It wasn't that long ago when it was believed people of different races weren't peers. How could two people who are so....different....possibly be peers? It amazes me that for as far as we have come, physical disability and cognitive differences still marginalizes people.

    To your question asking how many people have "special need" adults friends: I sure do. Our circle of friends covers a vast array of people, ALL different on the inside and outside. Some of our closest friends are people who have the same condition as my 33 month old daughter. We don't considere what their physical abilities are, or what they may have scored on an intelligence test. We consider how kind they are, how polite, funny, loving, sincere, and real they are. These are the same values we find in all our friends. It is the same values we expect our daughter to find in her friends, and expect her friends to find in her.

    Perhaps, it would behoove you, to sear h outside your sameness and make some new friends...

    People are peers when they have a mutual respect and appreciation for each other.

  22. Anonymous- I may not be friends with "the man with the odd gait who sweeps up at the pizza parlor", but I AM friends with my co-worker with CP. And I DO have several Aspie friends...and I DO maintain relationships with my friends who have had brain injuries. I understand that you were trying to convey a point and introduce an angle that may be new. But...well... you're wrong.

    Ellen- This is such a good point. It's such a delicate balance, and I have to assume that it would be slightly different for everyone. My friend decided to home-school her daughter because she's on the autism spectrum and she didn't want her to be labeled or have a stigma....but how will that help her function in the future? Another family friend pushed their Aspie son to be completely mainstream and all but ignored his special needs....and now he's a high school drop-out with low self-esteem who's never really found his "place". This is an extension of the questions that all parents do you protect your children while encouraging them to soar? It's tough to be a parent...all we can do is support each other.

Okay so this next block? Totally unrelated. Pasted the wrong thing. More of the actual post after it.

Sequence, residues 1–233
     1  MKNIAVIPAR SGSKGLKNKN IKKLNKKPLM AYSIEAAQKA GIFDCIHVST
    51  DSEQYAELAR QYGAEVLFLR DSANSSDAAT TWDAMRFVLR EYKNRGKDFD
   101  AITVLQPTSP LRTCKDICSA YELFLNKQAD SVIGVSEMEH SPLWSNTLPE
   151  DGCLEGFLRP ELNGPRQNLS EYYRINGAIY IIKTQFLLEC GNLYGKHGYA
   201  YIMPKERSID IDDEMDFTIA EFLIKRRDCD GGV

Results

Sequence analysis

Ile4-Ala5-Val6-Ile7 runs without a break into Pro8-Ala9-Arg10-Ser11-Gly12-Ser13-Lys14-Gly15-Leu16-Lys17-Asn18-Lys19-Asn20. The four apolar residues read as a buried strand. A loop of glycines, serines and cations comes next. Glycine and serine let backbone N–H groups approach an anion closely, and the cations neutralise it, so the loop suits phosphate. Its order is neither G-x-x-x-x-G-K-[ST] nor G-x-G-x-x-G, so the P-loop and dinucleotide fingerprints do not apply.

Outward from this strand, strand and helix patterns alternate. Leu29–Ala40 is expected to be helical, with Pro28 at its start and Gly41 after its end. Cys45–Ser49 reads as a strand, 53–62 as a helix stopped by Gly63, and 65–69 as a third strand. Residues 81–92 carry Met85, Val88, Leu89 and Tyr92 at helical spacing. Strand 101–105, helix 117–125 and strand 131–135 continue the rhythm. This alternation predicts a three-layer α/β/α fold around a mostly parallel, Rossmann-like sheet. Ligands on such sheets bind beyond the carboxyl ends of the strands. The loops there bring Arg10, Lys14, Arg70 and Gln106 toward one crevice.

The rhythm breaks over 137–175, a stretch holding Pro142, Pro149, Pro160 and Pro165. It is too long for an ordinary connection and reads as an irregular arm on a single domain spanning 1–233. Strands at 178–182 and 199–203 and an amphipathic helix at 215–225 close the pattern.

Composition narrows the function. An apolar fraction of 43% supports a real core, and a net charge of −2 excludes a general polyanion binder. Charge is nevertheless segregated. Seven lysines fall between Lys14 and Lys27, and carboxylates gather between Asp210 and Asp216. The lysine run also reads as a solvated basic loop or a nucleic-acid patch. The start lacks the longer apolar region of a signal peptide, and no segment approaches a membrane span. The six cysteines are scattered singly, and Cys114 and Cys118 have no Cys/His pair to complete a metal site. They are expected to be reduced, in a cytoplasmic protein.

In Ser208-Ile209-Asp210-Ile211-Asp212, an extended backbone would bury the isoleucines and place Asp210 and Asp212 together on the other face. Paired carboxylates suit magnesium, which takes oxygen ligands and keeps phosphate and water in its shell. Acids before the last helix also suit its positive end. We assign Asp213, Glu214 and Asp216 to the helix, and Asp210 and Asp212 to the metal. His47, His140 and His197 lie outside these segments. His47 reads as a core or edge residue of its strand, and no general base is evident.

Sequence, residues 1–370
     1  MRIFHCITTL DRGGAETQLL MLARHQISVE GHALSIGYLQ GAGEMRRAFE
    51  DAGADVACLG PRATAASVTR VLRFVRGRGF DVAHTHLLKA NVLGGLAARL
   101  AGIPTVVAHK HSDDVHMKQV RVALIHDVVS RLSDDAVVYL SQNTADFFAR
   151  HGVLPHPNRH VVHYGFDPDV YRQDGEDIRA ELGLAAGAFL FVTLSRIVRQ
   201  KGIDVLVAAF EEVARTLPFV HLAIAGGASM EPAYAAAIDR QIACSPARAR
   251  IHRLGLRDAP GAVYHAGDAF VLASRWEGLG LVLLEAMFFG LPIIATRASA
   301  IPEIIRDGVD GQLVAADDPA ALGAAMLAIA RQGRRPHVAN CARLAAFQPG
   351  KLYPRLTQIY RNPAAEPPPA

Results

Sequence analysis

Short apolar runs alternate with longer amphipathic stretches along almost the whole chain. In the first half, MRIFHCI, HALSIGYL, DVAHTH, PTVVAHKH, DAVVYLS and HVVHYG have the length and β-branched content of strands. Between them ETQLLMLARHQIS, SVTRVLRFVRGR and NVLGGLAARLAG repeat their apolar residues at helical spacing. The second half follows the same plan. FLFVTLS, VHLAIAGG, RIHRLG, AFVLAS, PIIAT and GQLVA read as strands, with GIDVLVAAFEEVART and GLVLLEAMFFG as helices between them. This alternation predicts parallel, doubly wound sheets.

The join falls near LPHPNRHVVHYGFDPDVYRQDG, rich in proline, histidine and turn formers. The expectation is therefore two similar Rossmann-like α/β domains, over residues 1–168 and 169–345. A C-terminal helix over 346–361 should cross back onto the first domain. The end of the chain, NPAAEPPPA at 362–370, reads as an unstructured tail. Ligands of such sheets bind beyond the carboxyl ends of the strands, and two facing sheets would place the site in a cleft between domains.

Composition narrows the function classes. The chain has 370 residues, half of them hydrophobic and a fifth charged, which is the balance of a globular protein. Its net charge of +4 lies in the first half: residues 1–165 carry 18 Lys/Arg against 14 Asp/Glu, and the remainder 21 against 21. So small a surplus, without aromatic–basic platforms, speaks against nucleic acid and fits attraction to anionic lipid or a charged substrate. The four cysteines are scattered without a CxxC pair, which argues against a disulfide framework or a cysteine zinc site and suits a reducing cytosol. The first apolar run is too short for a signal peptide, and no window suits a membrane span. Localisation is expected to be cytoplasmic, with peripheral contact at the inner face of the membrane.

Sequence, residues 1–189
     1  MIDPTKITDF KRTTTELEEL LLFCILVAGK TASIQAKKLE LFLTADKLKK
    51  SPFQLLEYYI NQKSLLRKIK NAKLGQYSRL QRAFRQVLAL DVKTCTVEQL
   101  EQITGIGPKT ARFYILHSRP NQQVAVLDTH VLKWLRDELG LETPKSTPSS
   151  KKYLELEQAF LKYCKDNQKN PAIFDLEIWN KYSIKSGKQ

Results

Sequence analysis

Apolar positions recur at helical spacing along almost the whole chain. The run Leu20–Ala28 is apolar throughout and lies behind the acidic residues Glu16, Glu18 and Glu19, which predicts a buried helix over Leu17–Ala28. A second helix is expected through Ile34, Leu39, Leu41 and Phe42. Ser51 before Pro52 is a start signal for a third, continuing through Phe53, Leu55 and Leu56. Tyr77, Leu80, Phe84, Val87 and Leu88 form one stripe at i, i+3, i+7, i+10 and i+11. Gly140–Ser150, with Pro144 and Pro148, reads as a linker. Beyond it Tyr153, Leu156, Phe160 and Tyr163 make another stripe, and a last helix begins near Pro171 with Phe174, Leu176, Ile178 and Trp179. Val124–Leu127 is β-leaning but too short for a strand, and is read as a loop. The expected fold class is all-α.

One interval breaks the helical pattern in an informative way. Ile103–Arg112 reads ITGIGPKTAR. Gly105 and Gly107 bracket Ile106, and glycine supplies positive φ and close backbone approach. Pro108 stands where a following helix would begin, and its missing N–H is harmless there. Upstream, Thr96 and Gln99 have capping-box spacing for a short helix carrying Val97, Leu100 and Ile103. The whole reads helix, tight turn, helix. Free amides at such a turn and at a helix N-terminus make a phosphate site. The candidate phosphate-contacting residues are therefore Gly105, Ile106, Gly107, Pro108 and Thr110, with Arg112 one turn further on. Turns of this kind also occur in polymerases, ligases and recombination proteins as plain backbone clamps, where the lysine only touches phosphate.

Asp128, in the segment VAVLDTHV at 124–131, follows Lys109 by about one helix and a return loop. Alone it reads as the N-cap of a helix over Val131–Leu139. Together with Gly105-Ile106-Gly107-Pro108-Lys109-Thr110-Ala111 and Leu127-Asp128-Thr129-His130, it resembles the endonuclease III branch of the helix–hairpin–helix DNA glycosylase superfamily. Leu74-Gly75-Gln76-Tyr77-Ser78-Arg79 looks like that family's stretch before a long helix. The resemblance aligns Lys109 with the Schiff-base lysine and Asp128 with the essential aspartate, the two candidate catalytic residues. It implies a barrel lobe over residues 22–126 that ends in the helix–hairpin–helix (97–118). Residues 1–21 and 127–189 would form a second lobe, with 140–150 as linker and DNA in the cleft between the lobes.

23. Dear Anonymous;

    I wonder if you realize that you completely contradict what you are stating we can’t have by the depiction of your final scenario. Your imagination of how someone with different abilities would fit in is an inclusive environment – where groups of people of all abilities, ages, and genders meet together over common interests. If you can imagine it on a large scale; perhaps you could stretch to see it fits the small scale as well.

    You asked “but it takes more than that—and more than sharing a favorite movie or ice cream flavor—for a peer-to-peer friendship with an NT 9-year-old. A friendly “hello” may break the ice—but then what?”